I dislike tramping in full sun and today’s one was in full bush, though when you got up to the saddle we had lunch out in the open with a grand view. I am enjoying the bush walks, though the women do tend to want to chat all the time which becomes annoying and tiring!! Went feet isn’t the best, though as long as it is summer it is fine. Ouch to the headaches, yes do be careful Liesbet. Oh, I love my boots as they are so comfortable.

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  2. You’re so right about it being wrong when you come back from a hike with clean boots, Suzanne! 😁 it’s been some time for me now that I went on a hike but I do remember that exhilarating feeling afterwards. And great pictures! Thanks for taking us with you 😊

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  3. Nice work Suzanne on conquering the hills and your fears. It looks like a beautiful hike. I love hiking and don’t mind the challenging of my muscles and lungs. What does get me is when the trail seems treacherous in spots. I am terrified of falling over the edge.

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  4. Sounds like a lovely hike. I need to get back to doing some hiking but also recently moved to a flat state. The highest elevation in the entire state is only 345 feet. Instead, my main walk these days is around a small park across the street from where I work. It’s all flat.

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    1. Sounds like a perfect place for a walk during your lunch break. Hills are challenging though when walking on the flat I just walk faster. Enjoy getting to know your new home Jennifer.


  5. Really tough going, but well worth it for the scenery and the sheer beauty of what you were walking through. I imagine it would have been hard on the legs and knees doing the climbing and navigating all those rocks!
    Thanks for linking up with us at MLSTL and I’ve shared on my SM πŸ™‚

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    1. For my first one it was a wee bit tough. I am slowly getting used to hills and managed to get up the Papamoa Hills today, which has got very popular. Lovely coolish mornings makes walking more a pleasure.


  6. I was cheering for you the whole way, Suzanne. Congratulations on completing this hike with no problems at all (and with a wonderful attitude, I might add). I fully agree — If you come back from a bush hike in clean boots, something did go horribly wrong!

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    1. I thought so too. Too get hill fit just requires good old fashioned practice on the same terrain. Not that I’m an expert on it nor will I be. Just enjoying the physical challenge. How’s your park runs going?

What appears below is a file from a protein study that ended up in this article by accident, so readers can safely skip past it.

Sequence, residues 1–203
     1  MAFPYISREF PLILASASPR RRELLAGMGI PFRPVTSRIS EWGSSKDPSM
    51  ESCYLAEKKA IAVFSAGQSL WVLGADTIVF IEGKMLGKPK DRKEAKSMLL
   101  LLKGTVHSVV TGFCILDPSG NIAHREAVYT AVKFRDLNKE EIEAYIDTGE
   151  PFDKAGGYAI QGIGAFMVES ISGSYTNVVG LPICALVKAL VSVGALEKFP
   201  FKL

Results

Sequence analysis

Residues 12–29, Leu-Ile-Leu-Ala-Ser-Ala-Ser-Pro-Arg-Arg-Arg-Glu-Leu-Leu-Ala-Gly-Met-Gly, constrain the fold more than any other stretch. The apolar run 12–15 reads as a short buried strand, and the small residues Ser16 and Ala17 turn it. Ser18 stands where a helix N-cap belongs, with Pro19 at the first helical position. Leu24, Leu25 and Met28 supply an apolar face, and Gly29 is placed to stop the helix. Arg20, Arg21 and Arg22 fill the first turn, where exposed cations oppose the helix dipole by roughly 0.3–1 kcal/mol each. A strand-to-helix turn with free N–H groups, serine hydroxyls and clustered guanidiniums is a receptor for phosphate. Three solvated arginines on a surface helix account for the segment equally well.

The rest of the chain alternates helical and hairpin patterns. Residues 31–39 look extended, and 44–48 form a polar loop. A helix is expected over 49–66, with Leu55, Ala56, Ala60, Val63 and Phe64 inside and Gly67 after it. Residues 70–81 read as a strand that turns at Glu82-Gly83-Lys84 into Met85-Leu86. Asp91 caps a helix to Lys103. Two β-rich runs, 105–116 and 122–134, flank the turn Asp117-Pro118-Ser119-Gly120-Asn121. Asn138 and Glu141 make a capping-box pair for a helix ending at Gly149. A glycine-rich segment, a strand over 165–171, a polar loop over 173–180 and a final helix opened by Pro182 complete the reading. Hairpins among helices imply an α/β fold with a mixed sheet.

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            1. Excellent that you can ask someone. I have never enjoyed running much prefer fast walking. At the end of the day any exercise is better than none.


            2. You will be feeling so much better April. Write up a blog post about your achievement you will be an inspiration for many!! I’m training to be a guide at a historical house and grounds. Which is a challenge as I’m not the most confident verbal communicator!! More on that soon πŸ™‚

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    1. They were really good at motivating us forward. A memorable first ‘real” hike. Have done quite a bit of walking around more civilised paths. I am new to “bush bashing” πŸ™‚


  7. Good on you Suz. Nothing like the nature of the bush. At least now you have broken the ice and have a foot in the door so to speak. Keep your dreams alive.

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    1. Thanks Jan, I really do appreciate your commenting. Broke the ice alright πŸ™‚ Upwards and onward with more to do. It is a good to be in the bush good for the soul!


  8. That reminds me of hiking up Glenarriff and then up over the blanket bog of the Antrim Plateau. You don’t come back from that with dry boots either! But still lovely, and exhilarating

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    1. I had to google those places Sonia, amazing!! I can see why you would love going there. For me it is a treat and exhilarating to just be out away from “civilisation”. It also makes me feel I have been away on a “holiday” πŸ™‚

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      1. Yes, it’s good for the soul! I haven’t been there for a long time now, but it’s very much part of my DNA. You need time in fresh air, with a challenge, it helps energise you for all the other mundane stuff we have to deal with. X

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      1. Rachael, first time I have heard that a weta is a NZ super hero. Though I suppose they are considering the small numbers. We had zillions of them in an old grapefruit tree in Whakatane [family home].

        Liked by 1 person

  9. How many kilometres was the hike? Lovely photos.

    It takes time to get to that fitness level when you’re no longer out of breath on a hike/trek. The problem for me going on a hike with people, is that I always lag behind taking so many photos – it’s not appreciated so prefer to do it alone or with my partner as he’s patient. πŸ˜‰

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    1. No such thing as ever not being out of breath especially some of the hills around these parts!! A sign of fitness is the recovery rate. Most hikes or I should really say tramps aren’t based on kilometres rather more on the time it takes to do it. This one was short approx 7-9kms though we did climb 800m approx. I am enjoying the hiking it is not a time for photography and I try to get a few photos as do others. I suppose doing photo walks and do the hiking separate πŸ™‚

      Liked by 1 person

        1. Thanks Nilla πŸ™‚ and I’m sure you and Neil will get to do many walks soon. I know what you mean regarding taking photos. Though I would be a bit apprehensive if I took my Cannon on some of those goat tracks.